If Exhibit A for why it's hard to imagine the present governor of Mississippi as the next president of the United States was his (retracted) comment making light of civil rights struggles in his state, Exhibit B is today's story that Haley Barbour had no immediate response to an effort by the Sons of Confederate Veterans to recognize Confederate Gen. Nathan Bedford Forrest, a 19th century Ku Klux Klan founder, on a Mississippi specialty license plate.
There are some bright shiny lines in American political life at the national level. One of them is that it's an easy call to say negative things about the KKK when asked to do so, and that this does not require any particularly complex level of thought or strategy. If you're not ready to cross that line, you're not ready to be president. Period.
The Mississippi NAACP has called on Gov. Haley Barbour to publicly denounce an attempt by a Confederacy group to honor a Ku Klux Klan leader, the organization said Monday.
The Sons of Confederate Veterans has launched the campaign to recognize Confederate Gen. Nathan Bedford Forrest on a specialty license plate.
Forrest, a popular and controversial figure, is best known as a leader of the KKK, the white supremacist group known for terrorizing blacks in the South after the Civil War.
He is also praised and criticized for an 1864 raid at Fort Pillow, Tennessee, where hundreds of black Union Army members were killed during the war. The controversy over whether Forrest conducted or condoned the massacre is still a matter for heated debate.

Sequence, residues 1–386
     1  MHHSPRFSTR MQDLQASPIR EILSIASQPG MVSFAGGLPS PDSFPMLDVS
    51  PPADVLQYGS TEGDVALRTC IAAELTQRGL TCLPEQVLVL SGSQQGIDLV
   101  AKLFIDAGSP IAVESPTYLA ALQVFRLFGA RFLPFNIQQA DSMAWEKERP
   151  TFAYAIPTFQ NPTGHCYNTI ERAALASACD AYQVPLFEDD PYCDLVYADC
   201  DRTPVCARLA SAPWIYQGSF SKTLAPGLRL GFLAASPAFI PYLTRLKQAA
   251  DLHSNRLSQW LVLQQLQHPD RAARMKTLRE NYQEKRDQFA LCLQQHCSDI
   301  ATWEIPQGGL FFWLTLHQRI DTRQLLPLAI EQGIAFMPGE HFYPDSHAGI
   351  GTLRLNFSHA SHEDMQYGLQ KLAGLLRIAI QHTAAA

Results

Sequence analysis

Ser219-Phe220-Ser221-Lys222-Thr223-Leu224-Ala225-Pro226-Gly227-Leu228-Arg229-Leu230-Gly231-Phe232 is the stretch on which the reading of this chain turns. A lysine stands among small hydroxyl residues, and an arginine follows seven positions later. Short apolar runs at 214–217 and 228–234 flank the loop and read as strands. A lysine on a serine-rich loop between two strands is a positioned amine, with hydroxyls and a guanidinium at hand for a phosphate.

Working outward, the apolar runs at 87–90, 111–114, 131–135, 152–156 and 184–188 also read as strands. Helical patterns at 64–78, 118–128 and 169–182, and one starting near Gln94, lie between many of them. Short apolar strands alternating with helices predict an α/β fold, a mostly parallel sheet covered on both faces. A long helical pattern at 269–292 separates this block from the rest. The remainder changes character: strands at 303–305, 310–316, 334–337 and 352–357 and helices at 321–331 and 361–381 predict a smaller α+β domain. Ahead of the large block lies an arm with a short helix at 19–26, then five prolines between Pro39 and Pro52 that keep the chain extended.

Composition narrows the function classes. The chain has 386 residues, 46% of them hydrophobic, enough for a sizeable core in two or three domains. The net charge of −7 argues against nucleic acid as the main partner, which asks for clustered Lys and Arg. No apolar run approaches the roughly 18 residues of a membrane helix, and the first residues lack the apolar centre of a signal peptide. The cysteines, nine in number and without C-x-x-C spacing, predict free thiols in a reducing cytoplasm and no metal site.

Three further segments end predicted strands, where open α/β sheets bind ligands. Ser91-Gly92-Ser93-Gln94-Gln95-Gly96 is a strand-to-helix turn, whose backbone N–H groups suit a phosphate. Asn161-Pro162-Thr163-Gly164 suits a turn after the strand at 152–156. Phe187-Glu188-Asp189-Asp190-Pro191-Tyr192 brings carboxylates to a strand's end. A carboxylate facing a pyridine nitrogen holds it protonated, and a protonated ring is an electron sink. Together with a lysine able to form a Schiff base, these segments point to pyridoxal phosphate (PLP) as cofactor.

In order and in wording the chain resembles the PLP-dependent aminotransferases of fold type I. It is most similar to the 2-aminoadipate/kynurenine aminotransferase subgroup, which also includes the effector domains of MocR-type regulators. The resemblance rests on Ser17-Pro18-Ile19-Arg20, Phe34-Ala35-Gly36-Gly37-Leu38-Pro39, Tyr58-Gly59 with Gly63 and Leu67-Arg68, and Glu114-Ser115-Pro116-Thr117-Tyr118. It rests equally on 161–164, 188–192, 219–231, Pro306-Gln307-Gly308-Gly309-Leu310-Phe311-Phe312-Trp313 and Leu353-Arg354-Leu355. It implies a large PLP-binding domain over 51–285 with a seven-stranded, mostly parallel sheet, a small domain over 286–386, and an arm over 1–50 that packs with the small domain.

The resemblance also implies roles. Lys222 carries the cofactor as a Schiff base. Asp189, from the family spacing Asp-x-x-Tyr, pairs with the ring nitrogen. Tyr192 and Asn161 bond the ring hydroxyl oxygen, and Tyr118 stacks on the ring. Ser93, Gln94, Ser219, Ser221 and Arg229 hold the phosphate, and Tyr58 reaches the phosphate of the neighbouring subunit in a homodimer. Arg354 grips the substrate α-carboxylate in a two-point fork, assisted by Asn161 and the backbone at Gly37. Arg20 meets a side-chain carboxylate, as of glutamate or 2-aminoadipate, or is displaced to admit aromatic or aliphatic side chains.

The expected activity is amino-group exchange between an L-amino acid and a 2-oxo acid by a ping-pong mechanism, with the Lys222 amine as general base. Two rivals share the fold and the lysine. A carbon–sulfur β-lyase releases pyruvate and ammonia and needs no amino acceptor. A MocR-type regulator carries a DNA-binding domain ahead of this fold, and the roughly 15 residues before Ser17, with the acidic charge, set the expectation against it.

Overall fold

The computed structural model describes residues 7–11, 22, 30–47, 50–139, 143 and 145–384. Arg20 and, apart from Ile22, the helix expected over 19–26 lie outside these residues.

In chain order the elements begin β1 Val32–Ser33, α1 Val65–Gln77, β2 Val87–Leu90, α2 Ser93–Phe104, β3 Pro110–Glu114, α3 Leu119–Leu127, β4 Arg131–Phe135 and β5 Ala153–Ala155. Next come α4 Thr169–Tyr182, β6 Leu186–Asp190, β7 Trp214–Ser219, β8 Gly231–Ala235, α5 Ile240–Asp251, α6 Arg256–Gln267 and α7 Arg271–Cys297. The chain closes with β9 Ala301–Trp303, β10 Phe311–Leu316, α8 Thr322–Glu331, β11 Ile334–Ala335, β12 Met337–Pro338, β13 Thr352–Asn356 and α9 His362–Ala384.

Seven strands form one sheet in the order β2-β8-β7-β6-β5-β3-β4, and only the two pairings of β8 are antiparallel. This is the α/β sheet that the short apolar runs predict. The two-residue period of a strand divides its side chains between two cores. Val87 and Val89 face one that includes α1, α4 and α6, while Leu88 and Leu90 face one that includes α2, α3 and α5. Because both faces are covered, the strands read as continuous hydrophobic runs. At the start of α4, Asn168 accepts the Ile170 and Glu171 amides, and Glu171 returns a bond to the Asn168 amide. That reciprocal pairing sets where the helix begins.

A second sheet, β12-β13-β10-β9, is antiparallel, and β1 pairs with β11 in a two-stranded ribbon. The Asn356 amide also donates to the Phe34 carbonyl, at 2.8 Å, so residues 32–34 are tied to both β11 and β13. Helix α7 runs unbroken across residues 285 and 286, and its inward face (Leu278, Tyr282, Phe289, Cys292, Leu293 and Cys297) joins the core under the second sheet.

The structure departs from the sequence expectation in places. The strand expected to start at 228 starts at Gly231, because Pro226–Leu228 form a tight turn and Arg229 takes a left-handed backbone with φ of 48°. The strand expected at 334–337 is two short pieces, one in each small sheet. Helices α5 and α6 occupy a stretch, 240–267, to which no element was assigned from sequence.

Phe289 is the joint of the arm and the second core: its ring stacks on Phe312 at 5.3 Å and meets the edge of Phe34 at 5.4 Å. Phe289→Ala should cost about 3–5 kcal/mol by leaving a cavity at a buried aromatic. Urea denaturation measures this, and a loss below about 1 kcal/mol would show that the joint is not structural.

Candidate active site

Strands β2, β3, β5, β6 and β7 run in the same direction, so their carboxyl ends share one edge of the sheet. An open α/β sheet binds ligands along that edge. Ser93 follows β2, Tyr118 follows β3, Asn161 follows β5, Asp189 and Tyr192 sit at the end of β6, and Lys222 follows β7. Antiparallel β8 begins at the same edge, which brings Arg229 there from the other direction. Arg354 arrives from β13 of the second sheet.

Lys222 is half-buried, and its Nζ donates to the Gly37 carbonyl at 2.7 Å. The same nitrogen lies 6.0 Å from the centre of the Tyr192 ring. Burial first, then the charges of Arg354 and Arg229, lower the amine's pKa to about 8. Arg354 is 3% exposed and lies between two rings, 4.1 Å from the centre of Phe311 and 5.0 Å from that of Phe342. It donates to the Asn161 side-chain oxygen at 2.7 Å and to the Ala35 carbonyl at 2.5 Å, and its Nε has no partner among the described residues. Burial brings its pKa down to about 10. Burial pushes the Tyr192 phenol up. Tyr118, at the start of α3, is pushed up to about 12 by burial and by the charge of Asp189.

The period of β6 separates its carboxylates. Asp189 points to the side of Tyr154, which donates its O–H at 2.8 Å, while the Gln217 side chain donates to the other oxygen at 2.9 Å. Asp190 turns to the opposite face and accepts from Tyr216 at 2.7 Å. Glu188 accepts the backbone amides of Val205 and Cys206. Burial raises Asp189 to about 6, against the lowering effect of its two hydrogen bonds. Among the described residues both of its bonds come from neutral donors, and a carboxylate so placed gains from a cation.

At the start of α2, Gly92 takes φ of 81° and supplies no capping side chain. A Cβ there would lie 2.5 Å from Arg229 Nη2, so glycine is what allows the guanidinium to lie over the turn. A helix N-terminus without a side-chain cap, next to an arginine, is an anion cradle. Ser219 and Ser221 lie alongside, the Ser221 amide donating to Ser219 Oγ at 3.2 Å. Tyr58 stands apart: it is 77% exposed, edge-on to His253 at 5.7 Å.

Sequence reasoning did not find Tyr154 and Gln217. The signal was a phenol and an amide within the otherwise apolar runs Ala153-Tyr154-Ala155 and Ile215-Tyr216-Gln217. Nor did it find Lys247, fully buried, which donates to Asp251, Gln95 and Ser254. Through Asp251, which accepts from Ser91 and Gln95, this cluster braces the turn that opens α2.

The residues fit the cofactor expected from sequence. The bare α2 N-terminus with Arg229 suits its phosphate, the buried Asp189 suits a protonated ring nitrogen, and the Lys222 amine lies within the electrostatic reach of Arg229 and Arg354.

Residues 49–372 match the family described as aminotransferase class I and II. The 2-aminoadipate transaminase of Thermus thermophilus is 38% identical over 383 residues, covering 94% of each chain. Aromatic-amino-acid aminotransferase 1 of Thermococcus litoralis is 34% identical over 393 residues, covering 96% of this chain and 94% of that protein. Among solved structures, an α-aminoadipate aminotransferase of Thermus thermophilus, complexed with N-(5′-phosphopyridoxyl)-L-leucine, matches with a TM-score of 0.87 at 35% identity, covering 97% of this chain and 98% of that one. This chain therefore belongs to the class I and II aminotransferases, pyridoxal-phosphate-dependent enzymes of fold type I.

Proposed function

Mississippi NAACP leaders feel a state-sanctioned license plate honoring a man with ties to the KKK sends the wrong message to people in the state and across the country.
"Any individual who was a traitor to our country and our constitution should be treated as such," said Derrick Johnson, president of the state NAACP chapter....
Barbour has not responded to the controversy since it began making headlines last week....
A call to the governor's office from CNN on Monday has not been returned.
Yes, the NAACP goes out of its way to make life difficult for some Republican leaders, and the tensions have also gone the other way -- who can forget the fraught relationship between the national group's leaders and George W. Bush? -- but this is the kind of thing that would be an easy call for the leader of a state with a less toxic racial history. And it's the kind of thing anyone with national political ambitions should have an easy answer to.
Barbour, uniquely among the potential 2012 presidential candidates, is poorly situated on questions of race in America thanks to not just the history of his state, but its present political realities.
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